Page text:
Etymology: Middle English, from Anglo-French
Date: 14th century
(1) a youth being trained for the medieval rank of knight and in the personal service of a knight
(2) a youth attendant on a person of rank especially in the medieval period
b. a boy serving as an honorary attendant at a formal function (as a wedding)
2. one employed to deliver messages, assist patrons, serve as a guide, or attend to similar duties
3. an act or instance of paging <a page came over the loudspeaker> <got a page from the client> II. transitive verb (paged; paging) Date: 15th century 1. to wait on or serve in the capacity of a page 2. to summon by repeatedly calling out the name of 3. to send a message to via a pager III. noun Etymology: Middle French, from Latin pagina; akin to Latin pangere to fix, fasten — more at pact Date: 1589 1. a. one of the leaves of a publication or manuscript; also a single side of one of these leaves b. the material printed or written on a page 2. a. a written record b. a noteworthy event or period 3. a. a sizable subdivision of computer memory; also a block of information that fills a page and can be transferred as a unit between the internal and external storage of a computer b. the block of information found at a single World Wide Web address IV. verb (paged; paging) Date: 1628 transitive verb to number or mark the pages of intransitive verb to turn the pages (as of a book or magazine) especially in a steady or haphazard manner — usually used with through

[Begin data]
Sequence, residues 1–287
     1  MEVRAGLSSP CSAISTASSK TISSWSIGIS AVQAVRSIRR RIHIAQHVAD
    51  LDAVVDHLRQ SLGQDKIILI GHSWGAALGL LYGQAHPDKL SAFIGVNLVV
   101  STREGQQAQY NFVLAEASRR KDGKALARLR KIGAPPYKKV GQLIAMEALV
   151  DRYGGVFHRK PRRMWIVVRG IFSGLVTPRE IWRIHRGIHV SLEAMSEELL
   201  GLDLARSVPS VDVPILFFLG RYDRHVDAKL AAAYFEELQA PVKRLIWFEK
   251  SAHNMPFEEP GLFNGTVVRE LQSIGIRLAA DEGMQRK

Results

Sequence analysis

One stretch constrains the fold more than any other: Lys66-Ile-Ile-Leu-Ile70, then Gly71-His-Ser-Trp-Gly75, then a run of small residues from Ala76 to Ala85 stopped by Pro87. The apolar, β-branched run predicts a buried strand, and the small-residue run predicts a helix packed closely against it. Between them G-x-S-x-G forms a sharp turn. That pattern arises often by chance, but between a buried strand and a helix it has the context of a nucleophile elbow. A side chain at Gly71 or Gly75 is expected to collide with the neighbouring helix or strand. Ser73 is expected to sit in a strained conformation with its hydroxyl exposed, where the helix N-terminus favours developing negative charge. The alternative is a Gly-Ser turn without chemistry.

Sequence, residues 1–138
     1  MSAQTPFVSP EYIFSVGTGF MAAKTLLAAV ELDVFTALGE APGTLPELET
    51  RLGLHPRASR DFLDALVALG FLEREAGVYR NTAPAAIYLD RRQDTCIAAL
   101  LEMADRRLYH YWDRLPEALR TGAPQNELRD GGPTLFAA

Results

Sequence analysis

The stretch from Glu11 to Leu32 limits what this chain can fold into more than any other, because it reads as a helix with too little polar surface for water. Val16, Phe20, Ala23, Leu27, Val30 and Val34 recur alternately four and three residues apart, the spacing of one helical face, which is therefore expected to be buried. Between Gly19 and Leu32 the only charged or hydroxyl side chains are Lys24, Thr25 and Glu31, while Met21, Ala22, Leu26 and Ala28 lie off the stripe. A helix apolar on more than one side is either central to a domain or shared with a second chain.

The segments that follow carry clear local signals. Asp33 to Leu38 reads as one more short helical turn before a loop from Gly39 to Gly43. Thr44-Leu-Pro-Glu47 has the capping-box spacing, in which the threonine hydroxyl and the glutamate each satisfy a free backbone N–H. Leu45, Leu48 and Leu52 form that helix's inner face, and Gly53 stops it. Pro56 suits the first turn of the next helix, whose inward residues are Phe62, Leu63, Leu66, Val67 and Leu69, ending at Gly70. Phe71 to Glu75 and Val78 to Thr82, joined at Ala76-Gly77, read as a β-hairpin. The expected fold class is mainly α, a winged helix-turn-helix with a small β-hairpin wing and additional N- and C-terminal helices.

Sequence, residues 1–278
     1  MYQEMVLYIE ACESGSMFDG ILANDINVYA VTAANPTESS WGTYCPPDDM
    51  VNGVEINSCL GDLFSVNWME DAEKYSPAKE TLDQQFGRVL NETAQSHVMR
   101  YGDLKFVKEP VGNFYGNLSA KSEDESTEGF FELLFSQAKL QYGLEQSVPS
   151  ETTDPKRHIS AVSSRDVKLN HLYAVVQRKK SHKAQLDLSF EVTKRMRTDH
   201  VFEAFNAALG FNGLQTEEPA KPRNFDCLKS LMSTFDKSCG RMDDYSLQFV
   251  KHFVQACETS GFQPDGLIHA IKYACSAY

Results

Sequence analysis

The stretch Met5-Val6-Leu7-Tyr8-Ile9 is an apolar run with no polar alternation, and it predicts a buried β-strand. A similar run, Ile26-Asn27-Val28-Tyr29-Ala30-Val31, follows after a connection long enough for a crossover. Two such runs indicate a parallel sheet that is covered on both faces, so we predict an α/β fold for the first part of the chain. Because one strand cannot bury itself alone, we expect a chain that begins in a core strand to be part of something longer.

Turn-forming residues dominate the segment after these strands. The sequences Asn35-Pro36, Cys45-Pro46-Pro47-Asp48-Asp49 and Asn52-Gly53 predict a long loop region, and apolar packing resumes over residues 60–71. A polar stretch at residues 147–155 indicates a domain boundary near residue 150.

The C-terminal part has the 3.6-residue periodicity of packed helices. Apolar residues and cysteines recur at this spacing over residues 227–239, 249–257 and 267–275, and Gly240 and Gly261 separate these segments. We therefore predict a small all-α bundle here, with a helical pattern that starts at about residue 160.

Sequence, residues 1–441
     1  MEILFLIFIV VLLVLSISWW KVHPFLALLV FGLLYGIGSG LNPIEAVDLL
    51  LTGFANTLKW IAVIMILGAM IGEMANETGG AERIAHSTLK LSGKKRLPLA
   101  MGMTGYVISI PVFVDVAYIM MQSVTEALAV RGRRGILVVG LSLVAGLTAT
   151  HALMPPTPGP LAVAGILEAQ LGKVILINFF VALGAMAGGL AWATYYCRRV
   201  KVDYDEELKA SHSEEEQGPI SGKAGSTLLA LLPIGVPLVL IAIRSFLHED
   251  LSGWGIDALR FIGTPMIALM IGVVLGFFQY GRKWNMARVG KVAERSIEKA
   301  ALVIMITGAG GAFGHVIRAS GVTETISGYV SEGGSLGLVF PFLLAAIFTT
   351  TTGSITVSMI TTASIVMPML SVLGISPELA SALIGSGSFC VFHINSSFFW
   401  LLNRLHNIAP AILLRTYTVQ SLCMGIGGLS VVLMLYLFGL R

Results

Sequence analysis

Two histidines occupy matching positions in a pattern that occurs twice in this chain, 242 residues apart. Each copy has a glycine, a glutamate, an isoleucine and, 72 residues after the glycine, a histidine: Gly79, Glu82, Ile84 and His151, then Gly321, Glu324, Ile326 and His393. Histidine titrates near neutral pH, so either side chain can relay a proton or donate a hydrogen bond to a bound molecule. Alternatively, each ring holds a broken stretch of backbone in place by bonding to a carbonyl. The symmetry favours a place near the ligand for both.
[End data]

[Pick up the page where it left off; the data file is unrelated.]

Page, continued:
New Collegiate Dictionary. 2001.